1. It is not life and death, not even consequential for one's wallet. There might be consequences for self-esteem, but again, those are as large as we allow them to be. Higher education is notoriously gentle with its work force. What in the private sector will get you fired, will result in someone's finger shaking at you, if you're lucky to be employed by a university. So, celebrate your good fortune, and ignore minor worries.
  2. There is no such a thing as absolutely fair evaluation. Any system will benefit someone and disadvantage someone else. So, what? We are in this profession because there is an inner drive; we do it for our own deep moral convictions and because we want to do it. If the evaluation system treats us a bit unfairly, or it FEELS that way, this is no reason to ruin your mood over it, even for a day.
  3. In the long run, being nice to everyone, including those people you dislike or mistrust is the best strategy. Getting angry is just a way of making people do something you want. Aggression in general is behavior manipulative technique. It rests on a premise that other people will afraid of you and therefore will do your bidding out of fear. But the society has been changed since we developed all those instincts, and non-violent, legal and administrative procedures took over conflict management. So, getting angry, or rather, showing one's anger does not really work anymore. It is but an atavism. So, cheer up, be nice to everyone, and do whatever you have to do to protect your rights through various appeals, legal challenges, etc. There is just a lot more chances to prevail, if you're civil to other people. The civility credit goes a long way, because it indicates you accept the rules of the game.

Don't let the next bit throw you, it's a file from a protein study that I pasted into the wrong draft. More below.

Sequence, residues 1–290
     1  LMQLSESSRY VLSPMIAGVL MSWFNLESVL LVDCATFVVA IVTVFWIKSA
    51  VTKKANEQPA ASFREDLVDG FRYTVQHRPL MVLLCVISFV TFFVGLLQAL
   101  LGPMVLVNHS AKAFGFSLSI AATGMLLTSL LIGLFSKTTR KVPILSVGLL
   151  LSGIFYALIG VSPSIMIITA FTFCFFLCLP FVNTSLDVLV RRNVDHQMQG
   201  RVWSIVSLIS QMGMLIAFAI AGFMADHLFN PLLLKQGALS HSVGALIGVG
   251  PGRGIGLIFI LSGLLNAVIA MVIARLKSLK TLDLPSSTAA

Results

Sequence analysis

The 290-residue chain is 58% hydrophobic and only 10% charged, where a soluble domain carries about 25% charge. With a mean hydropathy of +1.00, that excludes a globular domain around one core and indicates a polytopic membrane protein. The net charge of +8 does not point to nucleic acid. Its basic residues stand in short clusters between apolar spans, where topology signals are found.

On another note, there is Spring just around the corner, and the birds are seriously thinking about chirping. When we are very old, and our great-grand children will ask us what have we done in life, none of us will say: "I received great annual evaluations." We have to think about something else. Let's start now about a possible answer.

Feb 15, 2008

The dream of reason produces monsters

There are two different conversations about quality in teacher education. One has to do with compliance. How do we gather data that will allow us to report to the State and to NCATE? The other is about what makes sense for teacher preparation as such. Both are probably needed, but what I find more and more troubling is that the first tend to crowd out the second one. Among other things, we tend to create incredibly generic assessment instruments the sole purpose of which is to "cover" certain standards. For example our Elementary teacher candidates get evaluated at the end of student teaching, with this rubric: